In a story from The Suitcase, Sergei Dovlatov’s masterly collection about Soviet life,1 Dovlatov meets the black marketeer Fred at a Leningrad shashlychnaya, one of the many specialized cafés that once dotted the restaurant-poor Soviet landscape. Shashlychnayas, as their name suggests, offered shashlyk (shish kebab) – grilled, skewered cubes of meat, usually lamb or beef. Not that the food served was praiseworthy. At its best, shashlyk is tender and aromatic, but when overcooked or made with poor-quality meat, which is all that Dovlatov’s characters can expect, it is tough and stringy.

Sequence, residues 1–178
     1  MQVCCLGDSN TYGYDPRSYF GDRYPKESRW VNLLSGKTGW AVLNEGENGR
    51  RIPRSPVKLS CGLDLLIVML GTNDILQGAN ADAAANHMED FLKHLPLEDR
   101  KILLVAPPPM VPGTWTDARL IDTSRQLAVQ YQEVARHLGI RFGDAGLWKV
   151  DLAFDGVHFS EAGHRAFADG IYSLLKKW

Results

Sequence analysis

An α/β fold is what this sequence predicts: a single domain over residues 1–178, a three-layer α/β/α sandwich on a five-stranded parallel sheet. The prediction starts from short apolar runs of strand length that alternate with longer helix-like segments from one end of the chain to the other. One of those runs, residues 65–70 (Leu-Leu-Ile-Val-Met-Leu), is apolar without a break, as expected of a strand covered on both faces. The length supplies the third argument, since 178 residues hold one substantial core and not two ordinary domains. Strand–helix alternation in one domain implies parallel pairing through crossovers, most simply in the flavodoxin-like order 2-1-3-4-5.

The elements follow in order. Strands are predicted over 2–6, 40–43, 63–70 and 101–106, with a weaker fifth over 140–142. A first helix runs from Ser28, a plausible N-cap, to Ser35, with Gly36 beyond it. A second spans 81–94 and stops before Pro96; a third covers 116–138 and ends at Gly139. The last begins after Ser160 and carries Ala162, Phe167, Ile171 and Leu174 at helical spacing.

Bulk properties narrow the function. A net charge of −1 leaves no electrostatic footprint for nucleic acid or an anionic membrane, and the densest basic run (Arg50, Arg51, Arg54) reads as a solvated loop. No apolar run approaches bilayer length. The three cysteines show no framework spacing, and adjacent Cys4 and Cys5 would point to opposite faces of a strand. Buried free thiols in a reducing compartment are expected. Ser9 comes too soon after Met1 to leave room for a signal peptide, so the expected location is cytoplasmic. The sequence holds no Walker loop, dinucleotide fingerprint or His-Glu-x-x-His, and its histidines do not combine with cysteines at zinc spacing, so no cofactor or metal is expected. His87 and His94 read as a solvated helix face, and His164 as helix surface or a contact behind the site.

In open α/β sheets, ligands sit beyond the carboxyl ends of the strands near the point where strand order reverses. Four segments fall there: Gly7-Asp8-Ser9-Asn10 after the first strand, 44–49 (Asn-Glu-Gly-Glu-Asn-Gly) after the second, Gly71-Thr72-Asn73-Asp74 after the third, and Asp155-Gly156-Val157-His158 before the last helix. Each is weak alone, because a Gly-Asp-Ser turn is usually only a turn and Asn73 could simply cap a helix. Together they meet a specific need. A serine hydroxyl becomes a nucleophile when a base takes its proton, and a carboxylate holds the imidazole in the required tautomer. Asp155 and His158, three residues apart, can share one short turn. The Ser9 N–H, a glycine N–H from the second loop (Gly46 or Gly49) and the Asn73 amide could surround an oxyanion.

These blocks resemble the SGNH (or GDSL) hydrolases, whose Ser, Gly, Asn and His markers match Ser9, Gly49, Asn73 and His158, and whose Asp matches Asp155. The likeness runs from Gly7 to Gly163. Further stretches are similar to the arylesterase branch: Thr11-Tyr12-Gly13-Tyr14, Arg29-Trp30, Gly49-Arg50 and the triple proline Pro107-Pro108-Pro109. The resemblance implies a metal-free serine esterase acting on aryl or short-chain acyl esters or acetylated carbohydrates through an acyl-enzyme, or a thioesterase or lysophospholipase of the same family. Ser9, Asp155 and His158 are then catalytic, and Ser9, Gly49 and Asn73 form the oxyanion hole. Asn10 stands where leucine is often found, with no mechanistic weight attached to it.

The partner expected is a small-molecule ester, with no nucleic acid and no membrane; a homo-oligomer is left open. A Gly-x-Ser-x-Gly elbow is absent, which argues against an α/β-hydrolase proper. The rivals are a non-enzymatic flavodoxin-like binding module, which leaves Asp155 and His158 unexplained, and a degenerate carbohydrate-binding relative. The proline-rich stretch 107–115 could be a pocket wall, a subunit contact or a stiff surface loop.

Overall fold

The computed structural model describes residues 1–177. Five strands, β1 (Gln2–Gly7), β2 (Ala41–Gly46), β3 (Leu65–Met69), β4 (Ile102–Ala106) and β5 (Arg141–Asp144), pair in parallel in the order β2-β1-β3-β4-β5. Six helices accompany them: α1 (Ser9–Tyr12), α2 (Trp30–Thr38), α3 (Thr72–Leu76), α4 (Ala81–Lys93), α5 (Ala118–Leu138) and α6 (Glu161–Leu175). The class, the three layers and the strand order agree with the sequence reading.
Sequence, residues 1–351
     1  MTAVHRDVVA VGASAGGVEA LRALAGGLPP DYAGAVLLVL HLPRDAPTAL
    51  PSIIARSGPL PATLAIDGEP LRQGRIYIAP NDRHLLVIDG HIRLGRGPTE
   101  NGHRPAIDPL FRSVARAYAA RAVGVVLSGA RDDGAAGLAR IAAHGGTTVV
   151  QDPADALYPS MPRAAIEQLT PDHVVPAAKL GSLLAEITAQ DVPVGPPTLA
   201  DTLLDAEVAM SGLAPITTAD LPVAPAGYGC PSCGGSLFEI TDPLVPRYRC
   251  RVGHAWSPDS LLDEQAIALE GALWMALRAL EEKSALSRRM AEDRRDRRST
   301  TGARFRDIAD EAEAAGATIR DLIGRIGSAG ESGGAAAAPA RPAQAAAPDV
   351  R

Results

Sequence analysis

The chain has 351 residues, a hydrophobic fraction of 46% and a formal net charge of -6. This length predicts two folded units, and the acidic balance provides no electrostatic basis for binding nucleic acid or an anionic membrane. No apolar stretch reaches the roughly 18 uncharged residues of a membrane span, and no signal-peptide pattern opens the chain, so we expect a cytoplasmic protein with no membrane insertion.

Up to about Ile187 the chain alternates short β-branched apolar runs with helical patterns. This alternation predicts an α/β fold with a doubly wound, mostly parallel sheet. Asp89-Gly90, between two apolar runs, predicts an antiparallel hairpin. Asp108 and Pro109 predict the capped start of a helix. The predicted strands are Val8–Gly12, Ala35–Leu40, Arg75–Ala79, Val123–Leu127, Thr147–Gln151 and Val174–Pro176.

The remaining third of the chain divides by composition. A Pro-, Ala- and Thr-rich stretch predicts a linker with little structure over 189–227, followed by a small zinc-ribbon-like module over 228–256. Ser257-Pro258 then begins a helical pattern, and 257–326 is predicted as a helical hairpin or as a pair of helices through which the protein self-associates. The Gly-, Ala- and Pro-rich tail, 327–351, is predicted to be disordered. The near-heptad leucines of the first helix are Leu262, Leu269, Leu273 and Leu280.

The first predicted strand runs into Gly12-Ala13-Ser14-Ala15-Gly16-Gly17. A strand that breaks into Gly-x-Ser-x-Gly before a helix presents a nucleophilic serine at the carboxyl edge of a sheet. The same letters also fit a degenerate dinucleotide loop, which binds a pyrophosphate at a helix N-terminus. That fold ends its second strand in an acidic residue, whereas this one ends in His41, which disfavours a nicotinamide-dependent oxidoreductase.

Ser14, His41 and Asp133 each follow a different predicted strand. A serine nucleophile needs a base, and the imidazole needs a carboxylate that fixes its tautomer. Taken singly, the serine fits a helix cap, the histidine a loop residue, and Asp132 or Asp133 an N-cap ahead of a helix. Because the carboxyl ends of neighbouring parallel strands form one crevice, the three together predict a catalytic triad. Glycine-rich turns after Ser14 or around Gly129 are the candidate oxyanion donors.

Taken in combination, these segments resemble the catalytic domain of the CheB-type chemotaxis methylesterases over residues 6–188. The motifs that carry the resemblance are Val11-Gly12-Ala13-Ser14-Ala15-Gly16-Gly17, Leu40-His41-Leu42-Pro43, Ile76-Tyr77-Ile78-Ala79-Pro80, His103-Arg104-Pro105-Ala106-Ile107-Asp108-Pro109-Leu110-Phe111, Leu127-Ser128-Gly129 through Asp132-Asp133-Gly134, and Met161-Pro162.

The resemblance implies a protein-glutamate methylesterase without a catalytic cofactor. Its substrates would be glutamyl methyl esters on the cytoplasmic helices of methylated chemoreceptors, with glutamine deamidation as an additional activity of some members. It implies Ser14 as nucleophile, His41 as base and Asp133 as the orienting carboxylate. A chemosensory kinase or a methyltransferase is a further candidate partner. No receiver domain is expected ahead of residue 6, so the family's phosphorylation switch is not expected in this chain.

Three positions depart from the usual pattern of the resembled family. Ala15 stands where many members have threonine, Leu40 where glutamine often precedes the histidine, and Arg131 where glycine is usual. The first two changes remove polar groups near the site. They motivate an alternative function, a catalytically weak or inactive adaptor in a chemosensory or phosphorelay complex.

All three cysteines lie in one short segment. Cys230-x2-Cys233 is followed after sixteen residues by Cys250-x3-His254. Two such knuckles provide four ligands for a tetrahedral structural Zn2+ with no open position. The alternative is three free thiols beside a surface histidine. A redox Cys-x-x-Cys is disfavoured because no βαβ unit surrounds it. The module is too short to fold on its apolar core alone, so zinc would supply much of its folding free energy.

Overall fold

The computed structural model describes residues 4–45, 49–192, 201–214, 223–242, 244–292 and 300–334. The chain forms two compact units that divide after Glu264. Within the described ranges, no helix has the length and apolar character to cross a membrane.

In the story, Fred explains how much money can be made by trading in Finnish socks:
The oilcloth on the table was sticky. The air was filled with a greasy fog. People floated past like fish in an aquarium.
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